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FirstMerit commits; city plans Cascade Plaza update

4/18/2013 - West Side Leader
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By Stephanie Kist

DOWNTOWN AKRON — Upon news that FirstMerit Corp. has committed to keep its headquarters in Downtown Akron, City Council gave its OK April 15 for a $3.3 million project to rehabilitate Cascade Plaza to, in the words of Mayor Don Plusquellic, “provide a welcome space for their front door.”

The project to update Cascade Plaza, which was built in the 1970s, is intended to provide a park-like green space that will be accessible to the public.

“This will be probably one of the biggest green roofs in the United States,” Plusquellic said.

FirstMerit, with approximately 2,000 employees in Akron, recently finalized a merger with Michigan’s Citizens United Bancorp Inc. and will bring 150 additional jobs to the city. Reconstruction of the deteriorated Cascade Plaza is an incentive offered by the city to keep FirstMerit headquarters in Akron.

According to a city news release, the city also will provide a job creation incentive in the form of income tax credits to FirstMerit that will provide FirstMerit with help toward the cost of its relocation, expansion and new employee training. The state also is providing incentives to FirstMerit in the form of job creation tax credits and a work force training grant.

“FirstMerit is proud to call Akron our home and we look forward to the mayor’s efforts to not only improve the city’s infrastructure, but to do it in a forward-thinking way that benefits everyone,” stated Paul Greig, chairman, president and CEO of FirstMerit, in the release.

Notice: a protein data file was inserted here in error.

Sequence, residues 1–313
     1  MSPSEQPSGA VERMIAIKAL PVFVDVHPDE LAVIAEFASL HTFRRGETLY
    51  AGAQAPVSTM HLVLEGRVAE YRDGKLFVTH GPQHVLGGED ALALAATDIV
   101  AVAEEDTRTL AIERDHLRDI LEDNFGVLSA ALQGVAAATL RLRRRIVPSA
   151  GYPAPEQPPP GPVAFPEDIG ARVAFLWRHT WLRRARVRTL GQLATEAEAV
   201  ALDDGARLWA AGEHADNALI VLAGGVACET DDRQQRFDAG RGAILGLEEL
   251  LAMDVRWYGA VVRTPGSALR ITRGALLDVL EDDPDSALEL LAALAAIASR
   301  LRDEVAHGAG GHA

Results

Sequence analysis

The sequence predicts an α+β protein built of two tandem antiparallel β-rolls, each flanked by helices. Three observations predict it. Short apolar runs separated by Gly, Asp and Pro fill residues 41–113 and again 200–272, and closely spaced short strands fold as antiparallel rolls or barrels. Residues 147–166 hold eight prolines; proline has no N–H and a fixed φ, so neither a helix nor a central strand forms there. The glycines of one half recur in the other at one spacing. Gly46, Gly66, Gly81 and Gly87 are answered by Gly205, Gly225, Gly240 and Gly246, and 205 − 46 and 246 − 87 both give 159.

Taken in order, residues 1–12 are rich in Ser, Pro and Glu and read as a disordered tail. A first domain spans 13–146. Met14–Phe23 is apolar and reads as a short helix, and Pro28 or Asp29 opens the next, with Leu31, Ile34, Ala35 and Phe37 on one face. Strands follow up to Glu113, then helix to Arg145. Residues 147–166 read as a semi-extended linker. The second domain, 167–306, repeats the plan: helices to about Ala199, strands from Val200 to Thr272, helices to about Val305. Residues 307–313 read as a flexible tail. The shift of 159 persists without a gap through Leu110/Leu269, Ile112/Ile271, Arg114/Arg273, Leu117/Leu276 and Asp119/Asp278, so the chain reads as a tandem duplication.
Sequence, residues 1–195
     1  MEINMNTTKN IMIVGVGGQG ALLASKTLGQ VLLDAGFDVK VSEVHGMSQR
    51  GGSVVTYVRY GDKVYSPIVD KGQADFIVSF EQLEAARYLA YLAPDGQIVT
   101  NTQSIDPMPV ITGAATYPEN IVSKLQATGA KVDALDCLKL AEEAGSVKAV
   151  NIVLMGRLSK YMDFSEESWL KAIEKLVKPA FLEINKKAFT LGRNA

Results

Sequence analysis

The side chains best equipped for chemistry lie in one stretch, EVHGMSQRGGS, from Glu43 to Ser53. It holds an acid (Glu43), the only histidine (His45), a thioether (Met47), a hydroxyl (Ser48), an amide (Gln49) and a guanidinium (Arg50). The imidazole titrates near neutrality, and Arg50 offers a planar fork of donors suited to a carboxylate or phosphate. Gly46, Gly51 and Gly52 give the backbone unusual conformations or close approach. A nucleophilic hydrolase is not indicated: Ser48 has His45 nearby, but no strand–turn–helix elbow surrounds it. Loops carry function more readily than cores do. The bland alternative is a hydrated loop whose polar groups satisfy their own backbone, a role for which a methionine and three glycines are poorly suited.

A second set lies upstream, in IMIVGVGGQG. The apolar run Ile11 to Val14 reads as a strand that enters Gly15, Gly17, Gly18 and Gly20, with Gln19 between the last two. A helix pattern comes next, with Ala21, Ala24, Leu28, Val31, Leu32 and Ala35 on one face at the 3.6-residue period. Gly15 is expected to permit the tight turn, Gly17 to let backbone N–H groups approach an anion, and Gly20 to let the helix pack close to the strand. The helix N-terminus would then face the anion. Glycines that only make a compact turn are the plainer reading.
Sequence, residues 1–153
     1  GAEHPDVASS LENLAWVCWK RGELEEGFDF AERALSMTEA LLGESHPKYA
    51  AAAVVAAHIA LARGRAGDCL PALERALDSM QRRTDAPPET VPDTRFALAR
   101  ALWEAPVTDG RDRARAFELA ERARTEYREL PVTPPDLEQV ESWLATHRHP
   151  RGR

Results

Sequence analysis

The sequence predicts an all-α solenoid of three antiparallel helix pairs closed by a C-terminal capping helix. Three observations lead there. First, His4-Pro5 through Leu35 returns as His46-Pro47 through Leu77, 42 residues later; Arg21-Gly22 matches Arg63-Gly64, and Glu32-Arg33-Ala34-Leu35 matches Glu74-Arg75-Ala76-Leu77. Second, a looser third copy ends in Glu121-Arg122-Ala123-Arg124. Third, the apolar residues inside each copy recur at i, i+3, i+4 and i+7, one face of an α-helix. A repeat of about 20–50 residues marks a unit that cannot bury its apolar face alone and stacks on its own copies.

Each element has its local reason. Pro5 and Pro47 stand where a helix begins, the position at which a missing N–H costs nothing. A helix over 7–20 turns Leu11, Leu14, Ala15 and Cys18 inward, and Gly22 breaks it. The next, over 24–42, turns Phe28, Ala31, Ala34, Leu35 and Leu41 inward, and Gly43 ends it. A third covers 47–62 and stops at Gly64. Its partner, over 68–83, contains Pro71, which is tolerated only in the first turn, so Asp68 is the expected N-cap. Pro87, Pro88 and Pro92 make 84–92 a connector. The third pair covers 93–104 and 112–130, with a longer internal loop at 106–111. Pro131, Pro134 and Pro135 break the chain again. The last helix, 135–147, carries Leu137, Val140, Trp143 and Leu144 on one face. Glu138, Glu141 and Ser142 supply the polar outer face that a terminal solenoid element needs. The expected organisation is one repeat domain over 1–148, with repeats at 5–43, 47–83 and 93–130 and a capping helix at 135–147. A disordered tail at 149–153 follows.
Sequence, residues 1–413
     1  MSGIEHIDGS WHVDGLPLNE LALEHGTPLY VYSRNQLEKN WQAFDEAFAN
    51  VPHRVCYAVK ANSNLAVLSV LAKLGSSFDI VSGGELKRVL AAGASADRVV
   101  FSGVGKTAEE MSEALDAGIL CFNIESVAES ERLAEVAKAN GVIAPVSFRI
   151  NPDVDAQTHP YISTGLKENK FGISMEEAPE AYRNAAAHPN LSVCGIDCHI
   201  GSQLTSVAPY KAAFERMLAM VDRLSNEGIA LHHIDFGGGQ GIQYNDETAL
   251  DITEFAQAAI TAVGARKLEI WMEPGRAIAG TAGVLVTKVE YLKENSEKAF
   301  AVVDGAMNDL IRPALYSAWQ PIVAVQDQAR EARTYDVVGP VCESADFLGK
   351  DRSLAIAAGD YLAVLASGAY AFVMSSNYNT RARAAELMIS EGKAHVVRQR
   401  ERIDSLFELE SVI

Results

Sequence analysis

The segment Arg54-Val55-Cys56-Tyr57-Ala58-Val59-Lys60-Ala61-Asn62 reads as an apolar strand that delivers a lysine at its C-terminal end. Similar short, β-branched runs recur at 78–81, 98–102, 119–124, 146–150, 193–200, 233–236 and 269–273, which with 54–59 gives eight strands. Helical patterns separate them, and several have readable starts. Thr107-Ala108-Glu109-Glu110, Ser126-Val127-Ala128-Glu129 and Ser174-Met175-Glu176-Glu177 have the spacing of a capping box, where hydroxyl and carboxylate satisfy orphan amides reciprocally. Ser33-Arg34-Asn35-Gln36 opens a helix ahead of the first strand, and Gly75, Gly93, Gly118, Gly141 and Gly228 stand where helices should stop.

FirstMerit has agreed to provide financing for the project, Plusquellic said. He said he hopes the project will be under way by June and completed by next summer.

In other business, Council approved a resolution “opposing the ‘right to work’ laws and the ‘Workplace Freedom’ Constitutional Amendment supporting fair labor practices to support working families and the economy of the city of Akron.”

Councilman Jeff Fusco (D-at large), who co-sponsored the legislation with Council President Garry Moneypenny (D-Ward 10) and Councilman Donnie Kammer (D-Ward 7), said special interest groups have an effort under way to place the measure on the November ballot. The resolution states the law “is actually a corporate-backed attack on working families and the middle class.”

“This is union busting; truly, that’s what this is all about, and it’s driven by the Tea Party and big money,” said Fusco.

Several city union representatives were in attendance at the Council meeting and were applauded by Council members.

Also at the meeting, Council:

  • approved a resolution offered by Councilman Russel Neal Jr. (D-Ward 4) urging Congress to study and possibly revise its policy permitting the domestic use of drones.
    “There are a lot of good reasons for safety forces to use drones, but with that comes some questions,” Neal said. “The concern is invasion of privacy.”
    Citing not enough knowledge on the topic, Councilwoman Marilyn Keith (D-Ward 8) abstained from the vote;
  • approved a $70,000 replacement to the dectron system, which controls the humidity and temperature of the swimming pool at the Balch Street Fitness Center;
  • continued to take time on an ordinance authorizing the city to apply for a federal loan to redevelop Mayflower Manor, a controversial project because it would necessitate the relocation of the 250-plus residents, who are low-income and disabled or elderly; and
  • observed a moment of silence for the victims of that day’s bombing at the Boston Marathon and for the first responders and investigators involved.
    Neal also took a moment at the end of the meeting to ask that Council and the Akron Public Schools Board of Education meet to create a better synergy between the two bodies in light of recent state report card ratings.
    “We can’t continue to do what we’re doing or we’re going to continue to get what we’ve gotten,” Neal said.

The next Akron City Council meeting will take place April 22 at 7 p.m. in City Council Chambers on the third floor of the Akron Municipal Building, 166 S. High St. in Downtown Akron. Committee meetings are set to begin at 2 p.m. that afternoon, also in Council Chambers.

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